Published Sep 6. 2008 - 12 years ago
Updated or edited Sep 13. 2015

Book review: Muskie on the Fly

Wild River Press
Publishing year: 
Robert S. Tomes
Reviewed by: 
We did a review of this book once before, but since two opinions might be better than one, we have chosen to bring this second one.

Muskie - the Muskellunge - Esox masquinongy - is a fish of dreams, fantasies, and tall tales. They are bigger, stronger, and meaner than a northern pike, and the fact that they are far less common makes them the holy grail of warmwater fishermen. Anyone who has fished warm water would love to hook a muskie at some point, and those lucky anglers who have done so are eager to share their stories. A friend of mine at work would delight in bringing in photos of her husband holding a gigantic muskellunge taken from the Susquehanna River in some secret location, fish that were almost as big as he was. My Dad told me stories of muskellunge he caught up north when he was a boy. Everyone has a story - or knows of a story. It's a fish that generates as much myth and lore as experiences.

I read Musky on the Fly more from a voyeuristic perspective than from a shared understanding of the topic. People come to understand their limits in life and I knew it would be highly unlikely to ever have the opportunity or means to fish for trophy muskies like these. What's the old saying? I was allowed to live vicariously through the eyes of someone else, and for that I am ever indebted to Robert Tomes. I've caught just about every game fish available to anglers in New York State, and even a few in far off locales, but I've never gone muskie fishing. I'd like that to change someday.

So the book. It's massive, as are all the books in the "Masters on the Fly" series (see others here and here.). I would like to commend the publisher, Thomas Pero, for allowing these authors to present their stories and knowledge in the most spectacular way possible in printed media, with text accompanied by countless color photographs, helpful graphics and drawings, and eye catching artwork. It seems as no expense was spared. So Mr Pero - thank you. You give these authors a chance to share their life's work in what can only be a dream come true for each of them.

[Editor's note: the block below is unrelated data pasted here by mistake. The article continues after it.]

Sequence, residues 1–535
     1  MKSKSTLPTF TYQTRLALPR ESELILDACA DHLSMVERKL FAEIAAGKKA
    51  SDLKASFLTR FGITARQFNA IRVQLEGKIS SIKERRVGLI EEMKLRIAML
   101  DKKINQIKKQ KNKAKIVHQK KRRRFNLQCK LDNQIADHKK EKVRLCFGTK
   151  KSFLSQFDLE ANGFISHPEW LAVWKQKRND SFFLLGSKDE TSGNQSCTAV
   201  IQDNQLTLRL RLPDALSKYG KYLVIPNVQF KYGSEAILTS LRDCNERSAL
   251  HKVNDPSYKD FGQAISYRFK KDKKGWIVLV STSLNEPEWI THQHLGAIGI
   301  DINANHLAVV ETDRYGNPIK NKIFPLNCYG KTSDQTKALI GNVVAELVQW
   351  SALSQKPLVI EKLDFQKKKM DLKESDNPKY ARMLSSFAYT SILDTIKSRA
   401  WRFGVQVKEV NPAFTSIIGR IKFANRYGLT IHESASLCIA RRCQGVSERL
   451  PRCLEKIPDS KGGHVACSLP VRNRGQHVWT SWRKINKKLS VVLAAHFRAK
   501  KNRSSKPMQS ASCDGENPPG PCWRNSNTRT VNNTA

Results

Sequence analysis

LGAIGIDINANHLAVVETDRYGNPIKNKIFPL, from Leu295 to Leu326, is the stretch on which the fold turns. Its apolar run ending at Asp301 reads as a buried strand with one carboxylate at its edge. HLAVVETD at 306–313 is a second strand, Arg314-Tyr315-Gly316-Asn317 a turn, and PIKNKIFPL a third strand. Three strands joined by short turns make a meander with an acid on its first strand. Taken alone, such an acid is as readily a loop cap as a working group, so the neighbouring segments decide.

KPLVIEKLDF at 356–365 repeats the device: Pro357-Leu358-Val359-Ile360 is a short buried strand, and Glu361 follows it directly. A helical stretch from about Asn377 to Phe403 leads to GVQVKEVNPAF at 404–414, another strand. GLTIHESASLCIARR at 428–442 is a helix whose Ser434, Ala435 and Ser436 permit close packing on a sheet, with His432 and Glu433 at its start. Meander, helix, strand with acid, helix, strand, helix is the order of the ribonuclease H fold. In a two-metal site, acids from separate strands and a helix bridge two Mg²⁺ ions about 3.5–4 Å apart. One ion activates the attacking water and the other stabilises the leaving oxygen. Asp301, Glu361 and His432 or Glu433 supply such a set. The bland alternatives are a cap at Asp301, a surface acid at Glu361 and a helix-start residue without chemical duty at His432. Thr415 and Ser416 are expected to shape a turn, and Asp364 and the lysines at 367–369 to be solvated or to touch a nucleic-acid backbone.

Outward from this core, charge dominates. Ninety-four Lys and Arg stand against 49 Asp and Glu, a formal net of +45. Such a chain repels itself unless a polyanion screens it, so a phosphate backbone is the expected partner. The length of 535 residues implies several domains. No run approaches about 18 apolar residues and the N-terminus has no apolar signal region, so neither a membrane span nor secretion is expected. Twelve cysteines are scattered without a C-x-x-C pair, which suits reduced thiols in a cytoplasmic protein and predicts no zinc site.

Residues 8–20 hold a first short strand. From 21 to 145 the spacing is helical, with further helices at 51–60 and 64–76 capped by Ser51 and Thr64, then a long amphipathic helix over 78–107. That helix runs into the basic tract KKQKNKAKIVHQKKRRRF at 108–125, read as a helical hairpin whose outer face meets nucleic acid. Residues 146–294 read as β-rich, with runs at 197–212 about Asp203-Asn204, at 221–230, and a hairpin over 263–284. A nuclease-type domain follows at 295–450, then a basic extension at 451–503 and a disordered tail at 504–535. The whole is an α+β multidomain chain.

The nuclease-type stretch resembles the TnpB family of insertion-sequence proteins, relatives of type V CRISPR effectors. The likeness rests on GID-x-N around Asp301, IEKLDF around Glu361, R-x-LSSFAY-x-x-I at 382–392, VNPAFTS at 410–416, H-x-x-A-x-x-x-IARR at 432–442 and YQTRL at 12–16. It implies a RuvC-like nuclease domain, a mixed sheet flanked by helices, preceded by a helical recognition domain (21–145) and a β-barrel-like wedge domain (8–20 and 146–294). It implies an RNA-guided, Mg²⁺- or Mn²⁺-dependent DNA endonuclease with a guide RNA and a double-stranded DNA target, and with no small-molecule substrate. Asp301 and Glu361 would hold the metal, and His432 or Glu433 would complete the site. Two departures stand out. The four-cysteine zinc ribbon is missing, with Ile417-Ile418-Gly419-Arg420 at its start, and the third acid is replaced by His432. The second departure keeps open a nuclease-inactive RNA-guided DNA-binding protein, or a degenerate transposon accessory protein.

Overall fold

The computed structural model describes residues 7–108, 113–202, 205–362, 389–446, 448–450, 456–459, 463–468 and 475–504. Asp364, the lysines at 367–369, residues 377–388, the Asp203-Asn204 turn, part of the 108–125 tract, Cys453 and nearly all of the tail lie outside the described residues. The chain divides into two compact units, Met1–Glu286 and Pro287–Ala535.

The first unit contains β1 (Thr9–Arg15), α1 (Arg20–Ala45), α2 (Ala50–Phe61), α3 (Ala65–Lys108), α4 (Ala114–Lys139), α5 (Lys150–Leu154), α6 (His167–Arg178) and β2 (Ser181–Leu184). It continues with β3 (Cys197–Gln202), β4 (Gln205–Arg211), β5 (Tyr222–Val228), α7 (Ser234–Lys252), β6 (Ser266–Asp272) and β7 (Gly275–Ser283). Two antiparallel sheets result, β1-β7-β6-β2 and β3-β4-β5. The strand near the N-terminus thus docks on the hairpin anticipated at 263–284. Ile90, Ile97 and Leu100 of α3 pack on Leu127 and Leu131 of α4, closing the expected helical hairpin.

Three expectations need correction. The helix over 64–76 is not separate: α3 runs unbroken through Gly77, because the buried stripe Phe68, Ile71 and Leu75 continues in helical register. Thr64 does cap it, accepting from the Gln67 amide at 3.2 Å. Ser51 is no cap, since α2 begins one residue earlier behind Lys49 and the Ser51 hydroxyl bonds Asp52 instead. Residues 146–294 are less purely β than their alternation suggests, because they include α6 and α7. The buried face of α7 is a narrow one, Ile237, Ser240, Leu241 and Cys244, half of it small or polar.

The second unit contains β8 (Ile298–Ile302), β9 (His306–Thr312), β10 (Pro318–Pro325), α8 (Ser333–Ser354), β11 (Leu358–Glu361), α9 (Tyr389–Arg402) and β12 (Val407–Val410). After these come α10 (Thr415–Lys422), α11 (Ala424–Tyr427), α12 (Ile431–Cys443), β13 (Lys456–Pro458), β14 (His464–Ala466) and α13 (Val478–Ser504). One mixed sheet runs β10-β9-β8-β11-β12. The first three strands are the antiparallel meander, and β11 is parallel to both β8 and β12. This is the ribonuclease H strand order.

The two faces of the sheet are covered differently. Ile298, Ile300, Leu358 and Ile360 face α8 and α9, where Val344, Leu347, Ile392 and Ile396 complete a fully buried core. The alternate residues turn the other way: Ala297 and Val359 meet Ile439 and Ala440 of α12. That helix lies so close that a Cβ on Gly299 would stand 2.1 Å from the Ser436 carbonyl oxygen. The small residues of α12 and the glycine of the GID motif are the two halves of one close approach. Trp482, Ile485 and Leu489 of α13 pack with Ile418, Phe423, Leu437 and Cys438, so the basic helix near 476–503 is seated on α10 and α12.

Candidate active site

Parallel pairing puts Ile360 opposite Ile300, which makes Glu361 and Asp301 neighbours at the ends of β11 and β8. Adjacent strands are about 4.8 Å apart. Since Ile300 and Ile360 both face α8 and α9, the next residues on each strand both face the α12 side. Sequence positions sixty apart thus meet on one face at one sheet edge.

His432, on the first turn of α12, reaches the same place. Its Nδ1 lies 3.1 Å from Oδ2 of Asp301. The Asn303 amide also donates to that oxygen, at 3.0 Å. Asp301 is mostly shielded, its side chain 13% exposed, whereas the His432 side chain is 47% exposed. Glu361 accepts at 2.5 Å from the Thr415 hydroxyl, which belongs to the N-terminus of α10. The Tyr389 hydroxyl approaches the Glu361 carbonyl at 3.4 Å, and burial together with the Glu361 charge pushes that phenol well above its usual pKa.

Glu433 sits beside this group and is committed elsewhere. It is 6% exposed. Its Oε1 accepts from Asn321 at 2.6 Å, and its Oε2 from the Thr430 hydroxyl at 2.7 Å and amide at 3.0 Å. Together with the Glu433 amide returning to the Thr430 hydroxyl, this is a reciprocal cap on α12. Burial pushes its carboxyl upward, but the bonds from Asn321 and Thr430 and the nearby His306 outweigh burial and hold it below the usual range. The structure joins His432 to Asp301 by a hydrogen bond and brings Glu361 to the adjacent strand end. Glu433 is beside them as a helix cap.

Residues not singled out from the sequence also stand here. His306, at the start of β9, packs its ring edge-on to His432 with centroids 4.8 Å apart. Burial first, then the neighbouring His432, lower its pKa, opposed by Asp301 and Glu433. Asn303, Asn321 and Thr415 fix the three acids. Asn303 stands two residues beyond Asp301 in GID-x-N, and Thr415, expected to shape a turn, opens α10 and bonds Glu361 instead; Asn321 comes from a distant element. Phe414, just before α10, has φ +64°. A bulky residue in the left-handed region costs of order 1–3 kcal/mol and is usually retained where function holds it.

The book follows the same basic premise as the other books in the series, with an in depth biology lesson on the muskellunge and the environments where they thrive, plenty of how-to's and where-to's, but underneath it all is the common understanding that fly fishing for these fish is not a casual affair. It takes special gear, special flies, and certainly special techniques to give an angler a chance at hooking one of these fish. One simply doesn't approach muskie fishing in a casual manner. At least those who hope for success.

It is impossible for me to pick nits with this book. First of all, I'm not a muskie angler, and for me to comment on Mr Tomes choice of flies or angling techniques would be silly. I take his word as fact, simple as that. The man speaks with authority and has the trophy photographs to back it up. I have fished for Northern Pike plenty, but that is like saying I've played softball in my backyard so I'm qualified to comment on Mariano Rivera's deadly cutter. Let's just say that Mr Tomes knows what he's doing.

As I've mentioned already, the presentation of the information is outstanding. Topics that are difficult to express in words are supported by excellent line drawings or graphics. Where there is description of habitat, there are photographs. The presentation of the flies themselves is stunning. The flies are huge - measured in inches. The size of the hooks used isn't as critical as much as the fact that they are big, strong, and sharp. Think tarpon hooks dressed with most of a saddle and half a hank of flashabou, designed both to attract the attention of a big fish and also have a modicum of castability. It would have been an injustice for those big flies to be presented in the common "three flies per page" format we see in so many fly fishing texts. That is fine with trout flies, where a 2x2 box is plenty big enough to show off a #16 dry fly, but a fly that is 8 inches long deserves a photograph that is - well - 8 inches long. And so it is here. Again - no expense was spared. Every topic in the book has a format that is designed to maximize information exchange.

Like I said, I'm not going to try to find things to criticize in the book. I'm simply not qualified, but at the same time the presentation and information simply feels complete. It's all here, from teaching you how to deal with the inevitable heart stopping follows, to offering some advice on where to go and who to go with (and why anyone would ever want to be a muskie guide to begin with). It's an outstanding book in every way, and I humbly offer it my highest recommendation.


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